Foot and Ankle pain
Children and adolescents’ bodies are forever changing. As children grow strength, flexibility, coordination and skill can fluctuate and thus it puts them at risk for injury and pain.
We are keen to get kids back in the game as quickly as possible so the appropriate education, load management and treatment is often tailored to you son or daughter. Discussing a return to activity plan with your child’s PE teacher or sporting coach will form part of this plan.
Common conditions we treat.
- Stress fractures due to overuse
- Sprained ankles
- Growing pains
- Tarsal coalition (where two bones are joined together across a joint)
- Pain at the heel or side of the foot with activity is generally caused by apophyseal injuries such as Sever’s disease or Iselin’s disease
- Pain at the top of the foot or under the ball of the foot that is caused by avascular necrosis. These conditions are called Kohler’s disease and Freiberg’s disease
- Accessory bones (additional ossicles of bone in spots that can cause pain)
- Inflammatory joint pain
- Post-surgical pain
Below are two common reasons children present with pain without injury.
Calcaneal Apophysitis (Sever’s Disease).
Within the lower limb are a number of open growth plates and often children aged 8-15 can have pain at these spots. The two most common tibial tuberosity apophysitis (Osgood Slatters disease) and calcaneal apophysitis (Sever’s Disease). Generally, this cause of pain are a self-limiting condition that children and young adolescents grow out of while allied health clinicians can help manage the symptoms.
The symptoms that kids experience is pain at the heel with, and shortly after activity that goes away with rest. Children often present with symptoms of calcaneal apophysitis at the start of the school year, when there is cross over from winter to summer sporting codes, a rapid increase in activity or after a period of minimal activity.
Often the change in footwear type can be an external contributor; football boots, soccer boots and basketball shoes most commonly as these tend to be very flat in design. Or as a child starts an activity or sport that they have not done before and are building their endurance for that activity.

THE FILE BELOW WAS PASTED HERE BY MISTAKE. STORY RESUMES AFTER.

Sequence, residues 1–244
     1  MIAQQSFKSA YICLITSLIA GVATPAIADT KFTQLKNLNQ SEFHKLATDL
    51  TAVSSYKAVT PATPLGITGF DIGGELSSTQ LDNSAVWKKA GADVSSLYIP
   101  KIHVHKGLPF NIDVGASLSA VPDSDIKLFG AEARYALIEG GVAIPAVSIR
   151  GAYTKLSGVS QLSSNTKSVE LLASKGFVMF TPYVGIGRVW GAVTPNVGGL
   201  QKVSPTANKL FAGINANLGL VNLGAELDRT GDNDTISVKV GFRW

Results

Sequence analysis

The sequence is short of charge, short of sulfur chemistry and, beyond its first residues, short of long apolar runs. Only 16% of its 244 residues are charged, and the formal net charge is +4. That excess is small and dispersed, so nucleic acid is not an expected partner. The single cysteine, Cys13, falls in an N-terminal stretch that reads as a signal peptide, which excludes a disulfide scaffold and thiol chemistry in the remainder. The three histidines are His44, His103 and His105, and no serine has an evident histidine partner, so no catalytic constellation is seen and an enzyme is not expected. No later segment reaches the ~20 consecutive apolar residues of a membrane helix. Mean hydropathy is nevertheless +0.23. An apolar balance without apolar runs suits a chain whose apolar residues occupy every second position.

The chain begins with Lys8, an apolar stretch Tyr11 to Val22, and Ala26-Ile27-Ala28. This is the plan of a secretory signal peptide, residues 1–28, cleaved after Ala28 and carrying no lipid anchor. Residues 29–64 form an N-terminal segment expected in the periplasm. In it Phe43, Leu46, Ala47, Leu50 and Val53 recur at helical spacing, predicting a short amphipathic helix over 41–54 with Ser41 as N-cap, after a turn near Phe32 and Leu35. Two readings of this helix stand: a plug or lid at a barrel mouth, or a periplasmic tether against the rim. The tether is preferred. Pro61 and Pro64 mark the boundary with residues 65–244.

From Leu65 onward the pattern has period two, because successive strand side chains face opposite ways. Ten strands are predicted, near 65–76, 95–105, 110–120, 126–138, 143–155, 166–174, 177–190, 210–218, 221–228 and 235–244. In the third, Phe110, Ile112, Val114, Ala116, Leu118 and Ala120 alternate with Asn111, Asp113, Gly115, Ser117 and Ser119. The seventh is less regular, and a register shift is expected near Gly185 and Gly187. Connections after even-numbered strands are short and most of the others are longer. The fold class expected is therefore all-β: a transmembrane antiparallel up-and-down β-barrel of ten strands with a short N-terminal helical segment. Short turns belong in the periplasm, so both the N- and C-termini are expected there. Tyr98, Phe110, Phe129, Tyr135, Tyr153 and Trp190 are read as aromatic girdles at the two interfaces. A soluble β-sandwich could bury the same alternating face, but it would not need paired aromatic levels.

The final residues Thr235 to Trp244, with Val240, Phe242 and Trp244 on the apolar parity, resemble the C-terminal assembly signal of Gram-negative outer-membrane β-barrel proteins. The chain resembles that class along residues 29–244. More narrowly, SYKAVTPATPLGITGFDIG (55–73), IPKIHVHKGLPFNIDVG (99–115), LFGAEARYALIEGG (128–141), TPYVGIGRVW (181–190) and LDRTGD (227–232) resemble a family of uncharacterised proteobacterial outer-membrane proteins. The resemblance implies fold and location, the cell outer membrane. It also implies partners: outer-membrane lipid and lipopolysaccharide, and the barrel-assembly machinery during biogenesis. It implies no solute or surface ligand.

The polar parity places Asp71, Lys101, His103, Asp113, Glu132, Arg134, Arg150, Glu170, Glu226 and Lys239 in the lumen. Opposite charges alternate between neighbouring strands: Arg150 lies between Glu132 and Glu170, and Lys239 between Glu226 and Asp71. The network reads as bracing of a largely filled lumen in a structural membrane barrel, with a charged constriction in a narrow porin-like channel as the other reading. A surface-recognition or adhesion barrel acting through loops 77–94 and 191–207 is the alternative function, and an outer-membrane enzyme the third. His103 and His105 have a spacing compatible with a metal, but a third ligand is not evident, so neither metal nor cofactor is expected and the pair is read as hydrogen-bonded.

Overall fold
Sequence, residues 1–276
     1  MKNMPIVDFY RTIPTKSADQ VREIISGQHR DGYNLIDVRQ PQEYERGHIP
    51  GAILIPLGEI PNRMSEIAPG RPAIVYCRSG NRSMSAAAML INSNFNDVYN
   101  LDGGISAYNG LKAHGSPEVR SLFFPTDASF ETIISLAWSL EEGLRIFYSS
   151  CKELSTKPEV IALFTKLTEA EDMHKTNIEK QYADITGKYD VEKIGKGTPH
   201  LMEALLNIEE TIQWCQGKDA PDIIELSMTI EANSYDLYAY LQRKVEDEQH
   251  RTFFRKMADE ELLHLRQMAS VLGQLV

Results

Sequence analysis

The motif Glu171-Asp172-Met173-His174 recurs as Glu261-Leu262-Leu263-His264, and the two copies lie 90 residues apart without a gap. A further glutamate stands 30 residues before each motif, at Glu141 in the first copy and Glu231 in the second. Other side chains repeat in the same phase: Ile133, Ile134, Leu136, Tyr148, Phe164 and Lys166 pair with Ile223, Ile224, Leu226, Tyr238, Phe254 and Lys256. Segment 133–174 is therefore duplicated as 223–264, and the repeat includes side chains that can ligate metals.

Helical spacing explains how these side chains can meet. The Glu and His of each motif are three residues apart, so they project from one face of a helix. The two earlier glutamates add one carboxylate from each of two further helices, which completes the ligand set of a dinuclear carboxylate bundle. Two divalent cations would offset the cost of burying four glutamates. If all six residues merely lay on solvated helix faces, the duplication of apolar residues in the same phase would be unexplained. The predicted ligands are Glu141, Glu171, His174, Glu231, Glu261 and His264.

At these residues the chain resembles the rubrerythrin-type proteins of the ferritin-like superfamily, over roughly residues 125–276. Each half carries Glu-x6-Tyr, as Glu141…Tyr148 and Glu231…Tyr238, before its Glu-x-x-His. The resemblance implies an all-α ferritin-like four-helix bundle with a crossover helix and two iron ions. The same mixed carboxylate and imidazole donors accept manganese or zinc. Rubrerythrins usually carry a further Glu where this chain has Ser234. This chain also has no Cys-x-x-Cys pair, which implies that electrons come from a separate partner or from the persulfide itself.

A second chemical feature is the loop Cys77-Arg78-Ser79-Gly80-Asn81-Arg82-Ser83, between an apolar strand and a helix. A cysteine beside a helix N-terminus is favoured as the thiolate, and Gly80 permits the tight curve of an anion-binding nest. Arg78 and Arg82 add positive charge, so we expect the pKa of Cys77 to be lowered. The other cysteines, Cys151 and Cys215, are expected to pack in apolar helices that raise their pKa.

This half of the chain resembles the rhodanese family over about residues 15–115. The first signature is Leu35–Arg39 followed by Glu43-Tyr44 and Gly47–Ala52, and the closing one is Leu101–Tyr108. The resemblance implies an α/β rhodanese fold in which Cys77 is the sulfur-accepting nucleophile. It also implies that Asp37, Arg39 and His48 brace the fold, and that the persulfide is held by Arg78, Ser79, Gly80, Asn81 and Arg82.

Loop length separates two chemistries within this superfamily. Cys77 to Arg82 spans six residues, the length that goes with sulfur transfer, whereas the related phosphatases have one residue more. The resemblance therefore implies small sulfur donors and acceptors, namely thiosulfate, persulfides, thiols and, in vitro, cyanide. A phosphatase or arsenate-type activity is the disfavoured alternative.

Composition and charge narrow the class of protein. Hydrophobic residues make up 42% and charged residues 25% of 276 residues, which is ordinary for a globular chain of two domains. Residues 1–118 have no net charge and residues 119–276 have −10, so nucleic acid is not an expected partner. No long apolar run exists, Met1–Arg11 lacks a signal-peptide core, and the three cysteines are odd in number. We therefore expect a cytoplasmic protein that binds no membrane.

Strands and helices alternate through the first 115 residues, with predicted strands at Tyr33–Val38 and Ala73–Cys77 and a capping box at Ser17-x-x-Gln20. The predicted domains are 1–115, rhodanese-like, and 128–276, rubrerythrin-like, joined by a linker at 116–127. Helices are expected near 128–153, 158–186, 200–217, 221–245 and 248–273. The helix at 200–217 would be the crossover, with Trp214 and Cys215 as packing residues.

Although much of the literature will say that calcaneal apophysitis affects very active children, in my experience I have seen it in both very active and junior elite sporting children and those that are requiring a lot of motivation to participate and move around.
There is no set algorithm or treatment flow chart for this condition although there are some common first steps parents can try; ice pack after activity, gel heel cups from the pharmacy or sports store and if there has been a rapid increase in activity consider modify a session or two for a week. Parents should be aware night pain, swelling, heat or limping will need to be seen by a health professional as this may not be calcaneal apophysitis.
Once we have a confirmed diagnosis, we address the other factors that may be contributing such as training and activity loads, strength, flexibility, footwear type, foot posture and running style. I would set up a treatment plan that may include a strength and flexibility program, modification of activity or progression back to normal activity, unload the heel with a heel raise or heel cup, orthotics or a change in footwear.
Within the foot there are a number of spots to have “accessory” ossicles. These are a normal variant that are often misdiagnosed as a fracture.
The most common in the foot is the Os Trigonum that can be seen in up to 25% of people. This accessory ossicle sits at the back of the ankle can often cause irritation to the surrounding soft tissue and joint structures after a nasty ankle injury or in sports where going up onto your toes a lot such has ballet, netball, martial arts.
The accessory that I see most in the clinic and causes the most discomfort in my patients is the Os Tibiale. This accessory ossicle can present in three types.
- Type one is where the additional bone sits just off the navicular bone within a tendon and is usually symptomatic
- Type two is where the additional bone sits just off the navicular bone, but it connected to navicular by cartilage or fibros tissue. Often one of the main tendons that holds up the arch of the foot inserts into the ossicle. This can cause pain as the ossicle is pulled away from the main bone by the tendon
- Type three is where the additional bone appears more line a enlarged navicular or a fused type 2. This can cause irritation and pain.
By Hellerhoff – Own work, CC BY-SA 3.0, https://commons.wikimedia.org/w/index.php?curid=39354099
Both these types of accessory ossicles are often treated by addressing the factors that may be contributing to the pain such as training and activity loads, strength, flexibility, footwear type, foot posture and running style. I would set up a treatment plan that may include a strength and flexibility program, modification of activity or progression back to normal activity, unload the ossicle with an orthotic or a change in footwear.